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Tags: gdp | reagan | mundell

To Fight Inflation Let's Start by Cutting Taxes

governmental and inflation squeeze on our money

(R. Gino Santa Maria/Shutterfree, LLC/Dreamstime.com)

Ira Stoll By Thursday, 21 July 2022 12:51 PM EDT Current | Bio | Archive

The best cure for the 9.1% inflation and negative growth afflicting the American economy would be tax cuts.

That prescription is a departure from the dominant economic view, which holds that cutting taxes would make inflation worse by giving consumers more money to spend, driving prices even higher.

The experience of the Reagan tax cuts, though, shows that this prevailing view was wrong. The 1980s combination of tax cuts and tight monetary policy defeated inflation and produced an economic boom.

Hardly anyone now remembers or understands this, but the Reagan tax cuts were born as a way to combat inflation.

The story started at a May 1974 conference on "The Phenomenon of Worldwide Inflation."

The meeting was sponsored by the American Enterprise Institute for Public Policy Research and the Hoover Institution on War, Revolution and Peace.

That was the first encounter between economist Robert Mundell and Jude Wanniski, who was on the staff of the editorial page of The Wall Street Journal. The Journal published Wanniski’s interview with Mundell on Dec. 11, 1974 under the headline "It’s Time to Cut Taxes."

Wanniski wrote that Mundell "believes that tight money should be used to combat the inflation, while expansive fiscal policies — preferably through lower taxes — can be used to combat the recession in a way that also works against inflation."

In August of 1979, Martin Anderson, who had also attended the 1974 conference, wrote "Policy Memorandum No. 1" for presidential candidate Reagan.

It began, "By a wide margin the most important issue in the minds of voters today is inflation." Anderson’s recommended cure?

"Reduce the rate of growth of federal expenditures" and "simultaneously stimulate the economy so as to increase revenues in such a way that the private share grows proportionally more than the government share."

As the memo put it, "speed up economic growth . . . reduce federal tax rates."

Reagan’s key tax officials articulated this to the American public at the time. Norman Ture, under secretary of Treasury for tax and economic affairs, spoke on Oct. 13, 1981, to the Commonwealth Club of California. Ture expressed "the Administration's confidence that recently enacted tax reductions will not enhance but will reduce inflationary pressure."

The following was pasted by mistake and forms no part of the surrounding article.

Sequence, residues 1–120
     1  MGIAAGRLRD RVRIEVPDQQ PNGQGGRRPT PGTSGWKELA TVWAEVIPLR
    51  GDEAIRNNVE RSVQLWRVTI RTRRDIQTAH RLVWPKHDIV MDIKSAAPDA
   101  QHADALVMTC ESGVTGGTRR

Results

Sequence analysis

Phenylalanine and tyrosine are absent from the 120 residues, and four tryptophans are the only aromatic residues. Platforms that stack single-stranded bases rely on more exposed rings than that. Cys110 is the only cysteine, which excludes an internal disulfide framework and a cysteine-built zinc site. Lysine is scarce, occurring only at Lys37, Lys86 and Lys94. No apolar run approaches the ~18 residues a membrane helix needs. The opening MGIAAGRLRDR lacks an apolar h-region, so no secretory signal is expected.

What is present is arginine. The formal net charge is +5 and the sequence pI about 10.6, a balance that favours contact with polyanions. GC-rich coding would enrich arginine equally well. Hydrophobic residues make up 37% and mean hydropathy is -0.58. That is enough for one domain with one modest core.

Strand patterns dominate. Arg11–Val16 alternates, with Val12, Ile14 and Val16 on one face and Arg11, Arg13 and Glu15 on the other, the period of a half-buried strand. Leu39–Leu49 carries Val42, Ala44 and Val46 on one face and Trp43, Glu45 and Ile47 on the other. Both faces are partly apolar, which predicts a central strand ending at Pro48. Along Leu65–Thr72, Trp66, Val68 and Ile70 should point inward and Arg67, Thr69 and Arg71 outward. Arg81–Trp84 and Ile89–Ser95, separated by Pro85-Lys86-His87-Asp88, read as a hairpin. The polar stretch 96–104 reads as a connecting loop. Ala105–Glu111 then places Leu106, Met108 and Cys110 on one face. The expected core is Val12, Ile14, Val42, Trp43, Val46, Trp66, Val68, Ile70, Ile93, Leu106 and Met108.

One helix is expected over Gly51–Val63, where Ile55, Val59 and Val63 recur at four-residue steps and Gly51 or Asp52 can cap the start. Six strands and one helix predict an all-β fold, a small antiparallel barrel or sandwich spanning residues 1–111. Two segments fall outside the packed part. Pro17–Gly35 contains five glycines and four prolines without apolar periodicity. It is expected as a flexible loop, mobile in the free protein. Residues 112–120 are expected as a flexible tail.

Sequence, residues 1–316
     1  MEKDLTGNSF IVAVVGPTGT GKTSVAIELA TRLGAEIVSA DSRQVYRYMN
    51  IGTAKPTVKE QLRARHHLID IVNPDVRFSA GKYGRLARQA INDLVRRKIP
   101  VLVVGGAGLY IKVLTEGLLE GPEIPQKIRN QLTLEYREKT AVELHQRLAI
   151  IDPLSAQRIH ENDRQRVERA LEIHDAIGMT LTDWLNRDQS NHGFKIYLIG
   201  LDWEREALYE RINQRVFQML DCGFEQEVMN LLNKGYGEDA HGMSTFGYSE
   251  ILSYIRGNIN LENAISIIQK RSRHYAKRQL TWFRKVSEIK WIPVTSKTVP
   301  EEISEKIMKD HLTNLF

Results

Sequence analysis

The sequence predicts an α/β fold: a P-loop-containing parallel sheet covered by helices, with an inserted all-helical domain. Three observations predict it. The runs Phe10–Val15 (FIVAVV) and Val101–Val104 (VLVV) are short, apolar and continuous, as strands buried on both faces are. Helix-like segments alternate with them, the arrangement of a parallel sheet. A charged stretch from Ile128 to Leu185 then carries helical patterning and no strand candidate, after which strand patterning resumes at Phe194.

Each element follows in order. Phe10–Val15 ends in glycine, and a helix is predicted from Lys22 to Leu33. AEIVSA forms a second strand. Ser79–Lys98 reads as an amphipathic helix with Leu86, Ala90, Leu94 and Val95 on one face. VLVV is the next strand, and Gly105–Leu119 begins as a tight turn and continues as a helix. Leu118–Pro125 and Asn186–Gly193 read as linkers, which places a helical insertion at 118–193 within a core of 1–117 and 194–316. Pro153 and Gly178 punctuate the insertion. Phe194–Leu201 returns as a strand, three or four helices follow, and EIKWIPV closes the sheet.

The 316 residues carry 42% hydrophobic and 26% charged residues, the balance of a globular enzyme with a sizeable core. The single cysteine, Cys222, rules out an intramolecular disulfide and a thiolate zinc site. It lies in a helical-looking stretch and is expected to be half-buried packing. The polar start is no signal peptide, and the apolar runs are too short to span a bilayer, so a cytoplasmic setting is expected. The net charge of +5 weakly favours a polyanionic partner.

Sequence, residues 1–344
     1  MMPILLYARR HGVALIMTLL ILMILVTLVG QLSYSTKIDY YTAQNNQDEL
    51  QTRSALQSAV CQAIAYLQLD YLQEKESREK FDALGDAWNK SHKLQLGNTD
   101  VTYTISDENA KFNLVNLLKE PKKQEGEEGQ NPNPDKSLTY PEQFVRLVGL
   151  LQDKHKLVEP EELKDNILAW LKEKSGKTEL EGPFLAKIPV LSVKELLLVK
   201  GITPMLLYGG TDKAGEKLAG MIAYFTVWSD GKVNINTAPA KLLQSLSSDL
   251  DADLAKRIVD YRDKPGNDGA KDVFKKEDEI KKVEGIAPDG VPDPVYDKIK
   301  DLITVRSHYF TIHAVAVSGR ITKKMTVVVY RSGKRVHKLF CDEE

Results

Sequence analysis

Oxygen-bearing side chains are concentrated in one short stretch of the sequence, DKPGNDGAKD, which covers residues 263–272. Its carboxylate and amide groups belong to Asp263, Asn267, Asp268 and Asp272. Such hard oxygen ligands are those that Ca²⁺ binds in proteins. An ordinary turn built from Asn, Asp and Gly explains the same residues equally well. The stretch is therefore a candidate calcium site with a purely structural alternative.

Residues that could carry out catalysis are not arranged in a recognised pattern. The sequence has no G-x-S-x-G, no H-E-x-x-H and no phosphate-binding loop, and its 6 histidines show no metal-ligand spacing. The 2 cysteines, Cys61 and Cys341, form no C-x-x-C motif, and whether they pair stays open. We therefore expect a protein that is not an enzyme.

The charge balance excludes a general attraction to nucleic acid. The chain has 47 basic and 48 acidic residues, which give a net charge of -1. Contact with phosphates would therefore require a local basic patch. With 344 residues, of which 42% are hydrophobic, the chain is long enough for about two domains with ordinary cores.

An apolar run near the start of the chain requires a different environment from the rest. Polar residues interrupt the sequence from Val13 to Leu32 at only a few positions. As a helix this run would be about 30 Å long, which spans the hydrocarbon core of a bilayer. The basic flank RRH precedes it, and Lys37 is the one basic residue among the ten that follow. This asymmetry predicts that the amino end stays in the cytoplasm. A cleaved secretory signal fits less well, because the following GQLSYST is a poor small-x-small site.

As Reagan put it in his 1990 memoir, "An American Life," "I believed that if we cut tax rates and reduced the proportion of our national wealth that was taken by Washington, the economy would receive a stimulus that would bring down inflation, unemployment, and interest rates."

It worked as planned, unleashing what the editor of the Wall Street Journal, Robert Bartley, later called "The Seven Fat Years" of prosperity.

Even fans of Reaganomics sometimes caution that cutting individual income taxes now, when the top marginal rate is at 37%, would be less effective than it was at the start of the Reagan administration, when the top marginal rate was 70%.

Daniel Clifton of Strategas Partners, though, contends that in the second quarter of 2022, federal tax revenues as a percent of GDP hit the highest level since 1960. That leaves ample room to adjust the balance toward allowing people to keep more of what they earn.

The usual gang of critics will mock the suggestion of tax cuts as a cure for inflation, pointing out that the pro-tax-cut crowd pushes the same medicine also at times when there’s a risk of deflation. Truth is, there’s hardly ever a bad time for a tax cut. At best, the cyclical case for them is accompanied by a moral argument.

As Reagan put it, "Are you entitled to the fruits of your own labor or does government have some presumptive right to spend and spend and spend?"

From a political perspective, calling for tax cuts now would move the pro-growth camp from playing defense to playing offense.

Instead of merely hoping to fend off Biden’s proposed tax increases, Republicans could be forcing the Democrats to explain why they are opposed to tax cuts.

There are parallels to foreign policy, where, instead of setting an ambitious, bold, offensive goal of freeing Russia and China, Republicans lately have been meekly content to play defense, trying to prevent Moscow and Beijing from expanding further into Ukraine or seizing Taiwan.

Tight monetary policy by the Federal Reserve alone won’t conquer stagflation. Getting soaring prices under control will require tax cuts, too — and also politicians who can, like Reagan, communicate the case for them to the American people.

Ira Stoll is the author of "Samuel Adams: A Life," and "JFK, Conservative." Read Ira Stoll's Reports — More Here.

© 2022 Newsmax. All rights reserved.


Ira-Stoll
To Fight Inflation Let’s Start by Cutting Taxes
gdp, reagan, mundell
755
2022-51-21
Thursday, 21 July 2022 12:51 PM
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